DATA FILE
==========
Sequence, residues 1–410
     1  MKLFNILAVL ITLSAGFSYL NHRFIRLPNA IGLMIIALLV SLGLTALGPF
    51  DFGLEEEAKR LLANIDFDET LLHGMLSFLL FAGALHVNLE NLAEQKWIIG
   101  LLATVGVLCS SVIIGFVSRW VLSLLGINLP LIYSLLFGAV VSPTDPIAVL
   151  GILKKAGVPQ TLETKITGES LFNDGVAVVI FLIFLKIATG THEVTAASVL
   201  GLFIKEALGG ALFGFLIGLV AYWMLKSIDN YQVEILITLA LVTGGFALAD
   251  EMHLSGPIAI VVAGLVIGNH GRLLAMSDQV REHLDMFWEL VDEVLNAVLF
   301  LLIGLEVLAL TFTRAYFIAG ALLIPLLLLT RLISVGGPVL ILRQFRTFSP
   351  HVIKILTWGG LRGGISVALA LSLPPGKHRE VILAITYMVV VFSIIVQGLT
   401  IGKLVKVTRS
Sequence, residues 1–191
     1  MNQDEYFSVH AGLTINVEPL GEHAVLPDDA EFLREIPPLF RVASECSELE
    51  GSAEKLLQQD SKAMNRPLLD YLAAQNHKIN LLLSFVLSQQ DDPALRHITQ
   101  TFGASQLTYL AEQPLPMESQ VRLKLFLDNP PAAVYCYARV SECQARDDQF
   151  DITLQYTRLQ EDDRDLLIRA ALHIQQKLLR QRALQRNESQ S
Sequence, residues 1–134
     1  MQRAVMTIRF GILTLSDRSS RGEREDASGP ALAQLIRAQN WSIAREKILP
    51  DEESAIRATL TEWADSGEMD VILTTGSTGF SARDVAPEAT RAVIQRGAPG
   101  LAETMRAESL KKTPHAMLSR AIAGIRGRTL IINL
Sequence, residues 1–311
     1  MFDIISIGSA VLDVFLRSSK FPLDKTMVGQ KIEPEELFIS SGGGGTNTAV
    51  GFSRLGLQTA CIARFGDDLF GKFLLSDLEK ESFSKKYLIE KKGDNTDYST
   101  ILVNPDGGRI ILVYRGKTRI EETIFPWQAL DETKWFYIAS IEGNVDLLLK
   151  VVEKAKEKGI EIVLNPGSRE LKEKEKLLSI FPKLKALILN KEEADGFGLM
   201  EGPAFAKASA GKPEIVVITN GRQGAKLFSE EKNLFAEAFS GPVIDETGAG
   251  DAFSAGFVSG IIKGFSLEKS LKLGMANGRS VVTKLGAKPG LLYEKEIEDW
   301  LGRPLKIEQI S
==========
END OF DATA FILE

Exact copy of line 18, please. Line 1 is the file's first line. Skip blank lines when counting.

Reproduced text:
    51  DEESAIRATL TEWADSGEMD VILTTGSTGF SARDVAPEAT RAVIQRGAPG